What is Harvard doing to combat religious illiteracy?

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With the sharp rise in Islamophobia and ideologues issuing statements about religions they have never studied, some professors at Harvard University have come together to educate the public with a free series on religious literacy, studying world religions, over a series of six classes. The classes will be offered online, starting on March 1st.

The first class will be a general approach to religious literacy, followed by specific courses on different faiths, with a goal of covering the following:

  • Tools for how to interpret the roles religions play in contemporary and historic contexts;
  • How religions are internally diverse
  • How religions evolve and change
  • How religions are embedded in all human cultures
  • The strengths and limitations of learning about religions through their scriptures.

This video introduction, by Diane Moore, outlines the curriculum and the value of the class.

You can sign up for the first class on EdX, the online learning platform created by Harvard. For more about the series, visit their overview page.

Will you take this class? Do you see the value in it? Would you recommend it to parishioners at your church?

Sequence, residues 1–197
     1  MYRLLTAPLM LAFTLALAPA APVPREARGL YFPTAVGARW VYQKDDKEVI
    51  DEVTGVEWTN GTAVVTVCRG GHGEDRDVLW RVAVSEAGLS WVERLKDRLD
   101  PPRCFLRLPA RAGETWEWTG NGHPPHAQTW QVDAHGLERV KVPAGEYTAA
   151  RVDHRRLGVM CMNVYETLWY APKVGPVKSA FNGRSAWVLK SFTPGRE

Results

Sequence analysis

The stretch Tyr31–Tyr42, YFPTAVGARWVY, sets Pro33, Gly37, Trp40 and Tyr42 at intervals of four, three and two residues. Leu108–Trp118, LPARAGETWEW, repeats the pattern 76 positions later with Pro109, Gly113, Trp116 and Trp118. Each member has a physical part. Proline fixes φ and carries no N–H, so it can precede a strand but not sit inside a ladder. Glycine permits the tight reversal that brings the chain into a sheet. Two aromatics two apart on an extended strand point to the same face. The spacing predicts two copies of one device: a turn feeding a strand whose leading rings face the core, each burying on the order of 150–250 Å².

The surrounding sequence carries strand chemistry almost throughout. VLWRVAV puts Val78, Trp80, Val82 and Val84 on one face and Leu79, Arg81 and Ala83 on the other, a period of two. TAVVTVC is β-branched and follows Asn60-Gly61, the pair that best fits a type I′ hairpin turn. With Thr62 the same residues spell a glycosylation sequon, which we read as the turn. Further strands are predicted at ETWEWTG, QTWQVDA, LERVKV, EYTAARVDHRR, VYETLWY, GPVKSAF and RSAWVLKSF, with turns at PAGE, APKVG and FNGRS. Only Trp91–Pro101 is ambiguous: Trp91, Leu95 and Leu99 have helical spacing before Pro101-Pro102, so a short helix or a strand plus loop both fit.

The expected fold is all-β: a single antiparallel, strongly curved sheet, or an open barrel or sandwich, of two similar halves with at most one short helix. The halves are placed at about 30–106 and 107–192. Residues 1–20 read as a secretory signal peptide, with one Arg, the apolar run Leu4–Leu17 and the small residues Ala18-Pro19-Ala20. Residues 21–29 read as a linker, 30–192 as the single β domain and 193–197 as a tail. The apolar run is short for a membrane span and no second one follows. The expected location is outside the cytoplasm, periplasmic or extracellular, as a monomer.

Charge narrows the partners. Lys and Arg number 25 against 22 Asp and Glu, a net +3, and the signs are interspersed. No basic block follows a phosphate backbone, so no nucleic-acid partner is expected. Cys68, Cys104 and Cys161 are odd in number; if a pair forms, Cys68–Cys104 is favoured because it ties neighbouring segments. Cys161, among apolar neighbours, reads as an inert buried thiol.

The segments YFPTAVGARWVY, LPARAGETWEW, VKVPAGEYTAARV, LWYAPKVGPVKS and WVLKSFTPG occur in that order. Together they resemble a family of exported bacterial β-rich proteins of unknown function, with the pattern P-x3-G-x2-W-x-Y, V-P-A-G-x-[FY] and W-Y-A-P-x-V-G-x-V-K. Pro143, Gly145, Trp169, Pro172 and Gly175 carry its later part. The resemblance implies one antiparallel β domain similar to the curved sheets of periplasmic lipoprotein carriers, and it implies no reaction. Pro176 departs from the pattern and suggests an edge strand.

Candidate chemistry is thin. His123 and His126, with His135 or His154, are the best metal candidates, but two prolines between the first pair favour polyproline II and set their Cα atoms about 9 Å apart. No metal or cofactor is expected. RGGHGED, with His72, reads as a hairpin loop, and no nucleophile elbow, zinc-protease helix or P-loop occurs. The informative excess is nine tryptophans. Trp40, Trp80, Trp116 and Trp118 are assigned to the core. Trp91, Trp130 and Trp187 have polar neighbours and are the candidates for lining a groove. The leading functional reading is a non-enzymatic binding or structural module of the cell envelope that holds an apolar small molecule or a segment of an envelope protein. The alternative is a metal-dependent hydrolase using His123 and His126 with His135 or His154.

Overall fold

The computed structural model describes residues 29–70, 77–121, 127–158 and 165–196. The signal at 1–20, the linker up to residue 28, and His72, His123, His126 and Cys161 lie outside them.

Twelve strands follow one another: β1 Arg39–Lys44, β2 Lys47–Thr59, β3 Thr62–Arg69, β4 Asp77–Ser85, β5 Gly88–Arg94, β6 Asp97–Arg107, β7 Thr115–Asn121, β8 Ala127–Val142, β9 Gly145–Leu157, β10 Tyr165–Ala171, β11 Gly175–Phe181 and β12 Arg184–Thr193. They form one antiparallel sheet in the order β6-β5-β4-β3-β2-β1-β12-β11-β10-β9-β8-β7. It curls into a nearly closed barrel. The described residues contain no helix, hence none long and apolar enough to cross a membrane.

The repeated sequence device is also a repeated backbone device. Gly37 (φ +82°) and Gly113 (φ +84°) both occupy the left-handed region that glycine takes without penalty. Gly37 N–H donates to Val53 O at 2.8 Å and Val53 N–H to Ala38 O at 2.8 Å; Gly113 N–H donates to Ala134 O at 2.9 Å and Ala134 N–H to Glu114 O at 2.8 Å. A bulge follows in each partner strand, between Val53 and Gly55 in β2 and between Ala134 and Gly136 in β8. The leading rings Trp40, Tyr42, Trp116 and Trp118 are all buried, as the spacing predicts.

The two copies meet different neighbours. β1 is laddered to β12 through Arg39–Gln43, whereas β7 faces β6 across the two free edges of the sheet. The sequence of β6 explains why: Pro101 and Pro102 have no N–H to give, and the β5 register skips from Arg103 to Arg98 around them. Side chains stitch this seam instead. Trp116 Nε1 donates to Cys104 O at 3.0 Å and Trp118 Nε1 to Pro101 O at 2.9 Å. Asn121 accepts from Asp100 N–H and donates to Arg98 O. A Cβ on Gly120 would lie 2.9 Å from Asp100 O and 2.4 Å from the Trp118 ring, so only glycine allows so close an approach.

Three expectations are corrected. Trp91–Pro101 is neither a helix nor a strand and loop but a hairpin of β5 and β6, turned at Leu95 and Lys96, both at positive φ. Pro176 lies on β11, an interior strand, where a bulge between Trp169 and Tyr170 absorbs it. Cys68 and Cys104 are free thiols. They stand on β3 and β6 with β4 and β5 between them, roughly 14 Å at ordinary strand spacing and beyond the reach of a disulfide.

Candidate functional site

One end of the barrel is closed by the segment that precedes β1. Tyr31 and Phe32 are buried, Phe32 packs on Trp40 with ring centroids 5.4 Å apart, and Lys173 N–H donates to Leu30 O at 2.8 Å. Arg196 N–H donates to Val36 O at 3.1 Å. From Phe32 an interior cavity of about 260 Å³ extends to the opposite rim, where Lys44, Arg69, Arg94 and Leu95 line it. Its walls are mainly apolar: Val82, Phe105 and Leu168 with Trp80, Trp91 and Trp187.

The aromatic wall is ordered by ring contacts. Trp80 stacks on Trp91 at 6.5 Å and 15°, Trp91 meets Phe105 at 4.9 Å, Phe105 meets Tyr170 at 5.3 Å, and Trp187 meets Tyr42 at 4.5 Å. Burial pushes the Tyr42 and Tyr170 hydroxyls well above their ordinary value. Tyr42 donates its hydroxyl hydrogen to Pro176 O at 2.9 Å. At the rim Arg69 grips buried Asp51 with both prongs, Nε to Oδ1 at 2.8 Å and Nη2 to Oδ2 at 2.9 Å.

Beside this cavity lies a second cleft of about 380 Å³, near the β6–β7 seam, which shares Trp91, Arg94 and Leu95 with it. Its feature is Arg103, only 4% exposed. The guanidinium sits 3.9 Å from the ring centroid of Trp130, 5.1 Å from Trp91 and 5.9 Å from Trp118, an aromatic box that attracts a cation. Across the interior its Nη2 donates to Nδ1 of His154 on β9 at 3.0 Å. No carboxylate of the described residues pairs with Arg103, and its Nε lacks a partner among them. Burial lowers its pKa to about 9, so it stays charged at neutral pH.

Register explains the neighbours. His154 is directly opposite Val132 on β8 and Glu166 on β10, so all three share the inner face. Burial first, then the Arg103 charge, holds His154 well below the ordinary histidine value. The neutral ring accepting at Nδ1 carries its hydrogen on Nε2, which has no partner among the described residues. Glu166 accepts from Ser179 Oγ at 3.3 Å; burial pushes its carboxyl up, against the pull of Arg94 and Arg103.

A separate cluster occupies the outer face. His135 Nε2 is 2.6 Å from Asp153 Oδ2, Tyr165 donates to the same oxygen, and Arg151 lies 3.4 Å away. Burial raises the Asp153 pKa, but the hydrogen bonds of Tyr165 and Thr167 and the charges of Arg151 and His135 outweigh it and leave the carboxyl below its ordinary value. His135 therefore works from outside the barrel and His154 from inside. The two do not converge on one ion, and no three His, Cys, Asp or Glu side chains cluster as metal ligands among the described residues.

Still image taken from introduction video

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Ann Fontaine
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Ann Fontaine

I attended Harvard Divinity School (what you are calling seminary) and had my faith deepened by interacting with others from conservative to liberal Christians and Unitarians, Buddhists, Muslims, Hindus, Jews, Wiccans, and those just interested in religion. About half our class were in an ordination track in one of those faith groups - the other half were in the academic track -but we all took classes together. You could take any scripture course - Bible, Bhagavad Gita, etc. according to your needs. You also had access to the Boston Theological Union - and all the schools in the area. Most of us did not come out "atheists" but came out with a strong faith and knowledge of others.

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Pete Haynsworth
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Pete Haynsworth

One could do worse than the Great Course's "Cultural Literacy for Religion: Everything the Well-Educated Person Should Know" [bit.ly/1LEONKL]. It was available at a public library in these parts and happens to be on sale at the Great Courses site for $35 (audio).